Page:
Introduction IV:

A. The Historical Faust

  1. George Sabellicus, the Younger Faustus
  2. Other mentions of Faustus
  3. Beginnings of the Legend

1.    George Sabellicus, the Younger Faustus

In 1507 the abbot of Spanheim monastery, Johannes Trithemius (1462–1516), himself a magician whose story may have contributed to the Faust legend (see "Sources for the Legendary Faust" below), wrote to an astrologer friend concerning a magician whose calling card was, “George Sabellicus, the younger Faustus, the chief of necromancers, astrologer, the second magus, palmist, diviner with earth and fire, second in the art of divination with water.”  Trithemius writes that he is a complete fraud and charlatan, and accuses him of various crimes.  However, it is not irrelevant that at this very time Trithemius was attempting to defend himself from the charge of being a magician, and so it was essential to distinguish his own activities from those of the notorious Faustus.

Tritheim does seem to be referring to the Faustus around whom the legends arose, but it also raises the interesting question of who the “elder Faustus” might be.  We may detect feigned modesty in Faustus' calling card:  calling himself "the second magus" makes him second only to Zoraster, the legendary "first magus" (and a key figure in the Ancient Theology); likewise, "second in the art of divination with water" places him just below Numa Pompilius, an early king of Rome who was supposed to have originated this art.  The name Sabellicus (Lat.) means Sabine, and was probably adopted as a good name for a magus, for the land of the Sabines was notorious for witchcraft in the ancient world; Numa was a Sabine.  Faustus (Lat.) means lucky, favorable, auspicious, and was appropriate for his occupation as a fortune-teller.  In German, Faust means fist, but this appears only in later sources and is unlikely to be the original form of his name.  (Baron, 1978)

2.    Other mentions of Faustus

Over the succeeding 30 years we can trace the progress of a figure variously called “Georg Faustus,” “Johann Faustus,” or—most often—just “Doctor Faustus,” through various letters and city records, for example when he is paid for a service, such as casting a horoscope, but more frequently when he is chased from some town.  (The name "Johann" seems to be a mistake, which has replaced the correct name in the legend, especially after Goethe wrote his Faust.)  He was also known to Luther (who did much to create the legendary Faustus) and the Protestant Humanist Philip Melanchthon (1497–1560).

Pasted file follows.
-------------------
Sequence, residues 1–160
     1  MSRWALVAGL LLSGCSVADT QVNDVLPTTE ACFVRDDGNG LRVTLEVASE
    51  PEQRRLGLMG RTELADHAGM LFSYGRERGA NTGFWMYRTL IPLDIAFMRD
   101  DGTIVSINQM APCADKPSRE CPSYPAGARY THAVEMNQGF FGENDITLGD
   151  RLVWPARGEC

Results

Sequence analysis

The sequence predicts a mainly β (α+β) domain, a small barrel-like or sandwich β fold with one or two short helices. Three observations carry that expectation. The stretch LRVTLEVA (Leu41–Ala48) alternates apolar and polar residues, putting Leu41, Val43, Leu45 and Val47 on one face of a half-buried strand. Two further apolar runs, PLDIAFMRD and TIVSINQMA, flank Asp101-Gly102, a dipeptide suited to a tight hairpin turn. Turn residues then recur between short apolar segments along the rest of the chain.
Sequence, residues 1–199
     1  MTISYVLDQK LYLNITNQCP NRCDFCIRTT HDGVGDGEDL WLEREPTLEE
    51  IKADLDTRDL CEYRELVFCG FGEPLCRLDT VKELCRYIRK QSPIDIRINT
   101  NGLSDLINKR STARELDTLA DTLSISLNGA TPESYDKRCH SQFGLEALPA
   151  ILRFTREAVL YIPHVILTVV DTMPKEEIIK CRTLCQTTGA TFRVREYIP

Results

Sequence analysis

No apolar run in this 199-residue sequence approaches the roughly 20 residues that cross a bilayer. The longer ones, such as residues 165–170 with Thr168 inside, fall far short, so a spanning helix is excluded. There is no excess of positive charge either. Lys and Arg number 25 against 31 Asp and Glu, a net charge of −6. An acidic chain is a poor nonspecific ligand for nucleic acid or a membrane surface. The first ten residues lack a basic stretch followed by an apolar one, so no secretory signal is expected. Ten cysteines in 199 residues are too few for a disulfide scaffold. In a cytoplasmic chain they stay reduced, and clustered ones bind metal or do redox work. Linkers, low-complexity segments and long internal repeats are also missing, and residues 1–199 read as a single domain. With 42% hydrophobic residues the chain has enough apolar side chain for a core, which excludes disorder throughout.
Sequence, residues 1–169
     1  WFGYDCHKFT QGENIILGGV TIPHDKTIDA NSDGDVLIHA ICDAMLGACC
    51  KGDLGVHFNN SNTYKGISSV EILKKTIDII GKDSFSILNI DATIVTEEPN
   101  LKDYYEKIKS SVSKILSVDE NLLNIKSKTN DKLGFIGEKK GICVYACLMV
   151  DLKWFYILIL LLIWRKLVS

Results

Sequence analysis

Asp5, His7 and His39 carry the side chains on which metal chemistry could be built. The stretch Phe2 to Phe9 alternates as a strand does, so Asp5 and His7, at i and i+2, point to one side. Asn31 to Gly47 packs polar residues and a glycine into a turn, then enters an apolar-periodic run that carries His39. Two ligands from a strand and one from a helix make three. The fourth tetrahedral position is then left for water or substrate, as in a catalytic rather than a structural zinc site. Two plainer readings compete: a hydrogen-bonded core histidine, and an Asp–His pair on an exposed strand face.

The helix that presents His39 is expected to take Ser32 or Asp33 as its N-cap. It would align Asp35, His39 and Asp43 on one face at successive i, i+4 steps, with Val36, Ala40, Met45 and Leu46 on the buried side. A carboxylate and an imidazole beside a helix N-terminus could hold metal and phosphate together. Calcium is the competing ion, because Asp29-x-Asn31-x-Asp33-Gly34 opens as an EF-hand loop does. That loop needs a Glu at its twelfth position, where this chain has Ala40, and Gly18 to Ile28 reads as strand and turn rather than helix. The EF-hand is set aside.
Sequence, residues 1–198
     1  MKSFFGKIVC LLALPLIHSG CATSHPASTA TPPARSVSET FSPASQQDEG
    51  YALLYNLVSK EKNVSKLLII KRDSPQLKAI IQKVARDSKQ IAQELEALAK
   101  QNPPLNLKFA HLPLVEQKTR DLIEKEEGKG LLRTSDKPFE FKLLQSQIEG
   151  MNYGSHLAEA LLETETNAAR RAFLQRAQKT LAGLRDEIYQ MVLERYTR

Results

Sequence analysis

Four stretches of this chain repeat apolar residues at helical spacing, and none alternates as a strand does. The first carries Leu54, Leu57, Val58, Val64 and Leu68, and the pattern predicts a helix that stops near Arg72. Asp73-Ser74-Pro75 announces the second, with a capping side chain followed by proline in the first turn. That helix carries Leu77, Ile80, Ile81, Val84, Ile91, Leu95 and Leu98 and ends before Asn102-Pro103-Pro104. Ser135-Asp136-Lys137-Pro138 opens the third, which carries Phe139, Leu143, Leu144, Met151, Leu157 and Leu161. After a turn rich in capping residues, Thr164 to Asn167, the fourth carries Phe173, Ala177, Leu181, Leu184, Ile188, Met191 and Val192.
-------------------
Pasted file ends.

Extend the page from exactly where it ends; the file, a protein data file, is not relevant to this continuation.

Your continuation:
As may be reconstructed from these reports, Faustus was born near Heidelberg about 1466, studied scholastic philosophy at the University of Heidelberg, and received his Masters there in 1487 (in record time and near the top of his class).  At that time, the university was a hotbed of Renaissance humanism, especially in the form of the Neo-Platonism and Hermeticism of Ficino and Pico; astrology, magic, and occult studies were popular.  Baron (1978, 49) observes that a characteristic of the humanist movement was "the close relationship between occult science and the studia humanitas."  Faustus was probably dead by 1539, but all direct accounts of his death are filled with legendary material, and so of doubtful reliability.

Apparently Dr. Faustus' magic was respected by members of the clergy and nobility, and to some extent by scholars, although they denounced him in public; he had both supporters and critics among the well-known people of the time.

3.    Beginnings of the Legend

In reports written after the death of Faustus it is often difficult to separate truth from fiction.  For example, these records state that while he was lecturing on Homer in the university at Erfurt, he is supposed to have conjured up the heroes of the Trojan War, an event which also occurs in Goethe's drama.  However, he may have accomplished this perfectly naturally by means of a "magic lantern," projecting the images on smoke (as may be implied in Goethe's description).  Certainly, Faustus bragged of many skills and feats and wove a legend around himself, perhaps even claiming, for example, that he was the devil's brother-in-law.  Although an account of a 1537 conversation with Luther states that Faustus did make this claim, there is no direct historical evidence of it, and the early sources do not connect him with the devil.  Nevertheless his calling card did boast of his skill as a black magician (negromanticus).

In 1548 a Protestant clergyman, Johannes Gast, claimed to have dined with Faustus, although the context is a collection of entertaining after-dinner stories, and it is unlikely to be true.  He wrote that Faustus had with him a demon in the form of a dog, who also sometimes took the form of a servant (cf. Goethe's Mephistopheles).  He also wrote that Faustus was eventually strangled by the devil, who has served him

Within a generation of Faust's death (i.e., the 1560s and ‘70s), at the same time the witchcraze was beginning, the Faust legend began to grow, and a number of collections of Faust stories circulated.  Most of these tales were traditional and had been told of other sorcerers in the past, but they developed, especially under the influence of Luther, to have a moral: all magic is diabolical and will result in eternal damnation.  The publication of the Faustbuch (1587, see below), which codified many aspects of the Faust legend, coincided with the peak of German witch burnings. 

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